Ongoing since 2012, the Real DMZ Project interrogates the demilitarised zone (DMZ) between North and South Korea through annual, research-based exhibitions that bring together the works of Korean and international artists. Sunjung Kim, the independent curator behind the project, conceived the idea of exploring the DMZ while curating Japanese artist...
The fifth edition of Sydney Contemporary will take place once again at Carriageworks between 12 and 15 September 2019, with Spring 1883 bringing together a cohort of 27 galleries from across Australia and the region to inhabit rooms at the Establishment Hotel from 11 to 14 September 2019, uniquely presenting contemporary works propped up on...
Mark Bradford walks through Mark Bradford: Los Angeles Mark Bradford: Los Angeles at the Long Museum West Bund in Shanghai (27 July–13 October 2019) is the artist's largest solo exhibition to date in China. In this video for Ocula, Bradford and Diana Nawi, curator of the show, walk through selected works that convey the artist's concerns with...
Rockbund Art Museum, Shanghai and Para Site, Hong Kong are pleased to announce the opening of An Opera for Animals on June 22, 2019 at Rockbund Art Museum Shanghai. The exhibition runs through to 25 August 2019 and features 53 artists who challenge existing boundaries between art and other disciplines, including artisans, healers, teachers, researchers, filmmakers, choreographers, activists and poets.
An Opera for Animals takes the history of different versions of opera as a departure point to explore both contemporary and traditional uses of performance, fantasy, and group spectacles in relationship to the environments that they inhabit. Intimately connected to the making of myths, the fabrication of events, orchestration, and invention of new technologies, opera emerged seeking to synthesize different aesthetic forms into a unified experience audiences could immerse themselves within. Like the complex history of the museum or exhibition, it has gradually developed into another collective kind of ritual. At the height of its development in the West, opera increasingly became conjoined to the vision and forceful influence of colonization, and we re-contemplate the medium as a compromised interface that precipitated struggles with indigenous worlds and other knowledge systems.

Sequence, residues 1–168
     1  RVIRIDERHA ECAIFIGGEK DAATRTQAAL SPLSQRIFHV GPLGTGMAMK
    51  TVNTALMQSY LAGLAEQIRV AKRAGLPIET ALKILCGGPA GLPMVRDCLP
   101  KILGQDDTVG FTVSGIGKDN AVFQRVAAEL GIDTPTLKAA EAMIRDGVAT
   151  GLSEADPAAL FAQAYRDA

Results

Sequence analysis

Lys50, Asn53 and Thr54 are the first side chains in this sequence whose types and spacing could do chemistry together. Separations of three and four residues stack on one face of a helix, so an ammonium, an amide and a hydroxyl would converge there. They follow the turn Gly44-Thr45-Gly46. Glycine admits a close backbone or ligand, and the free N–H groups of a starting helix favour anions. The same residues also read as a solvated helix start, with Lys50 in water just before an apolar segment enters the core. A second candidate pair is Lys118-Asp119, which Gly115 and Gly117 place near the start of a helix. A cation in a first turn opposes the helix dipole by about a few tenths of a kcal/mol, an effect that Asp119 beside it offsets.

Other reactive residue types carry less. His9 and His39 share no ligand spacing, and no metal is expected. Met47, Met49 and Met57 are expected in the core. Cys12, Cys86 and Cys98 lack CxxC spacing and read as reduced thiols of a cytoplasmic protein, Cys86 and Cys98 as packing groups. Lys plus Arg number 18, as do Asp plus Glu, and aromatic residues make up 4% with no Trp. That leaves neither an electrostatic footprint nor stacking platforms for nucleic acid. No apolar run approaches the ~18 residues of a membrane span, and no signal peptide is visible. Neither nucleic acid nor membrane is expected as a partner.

Despite the fact that colonization has seemingly ended in many parts of the world, the struggle to preserve indigenous forms of heterogeneity still lives itself out into the contemporary age today. This other world outside of what is considered 'high culture' has always been a source of fear and intrigue for opera, it has long been an inseparable reservoir of imagination for the medium to replenish itself in spite of its outward ambition to reach and supplant it. Beyond the specter of phantoms in opera, animals and cultural narratives around animals reemerge in the exhibition as extensions to infiltrate and expand the specificity of opera as an institutionalized setting to consider the pattern of the relationship between our modernity and the natural world. Our interest lies in how the medium inadvertently mutated into an expanded stage for other more unpredictable transitions between notions of animality and our humanity. The exhibition at the Rockbund Art Museum will unfold throughout the different levels to offer a different operatic environment to explore these inter-related themes.
The exhibition is part of a long-term collaboration between the two institutions and the institutional exchange will see another exhibition at Para Site, Hong Kong in September 2020.
Rockbund Art Museum and Para Site are leading contemporary art institutions in Asia. Para Site plays a central role in nurturing artistic talent whilst also fostering cross cultural dialogue and critical understanding of local and international issues in art and society. Sharing this vision, Rockbund Art Museum aims to bridge the local art ecology in Shanghai with Asia and the wider international community. The collaboration between Rockbund Art Museum and Para Site explores connections between performativity and research, considering both historical and contemporary practices, to further the remit of each organization.
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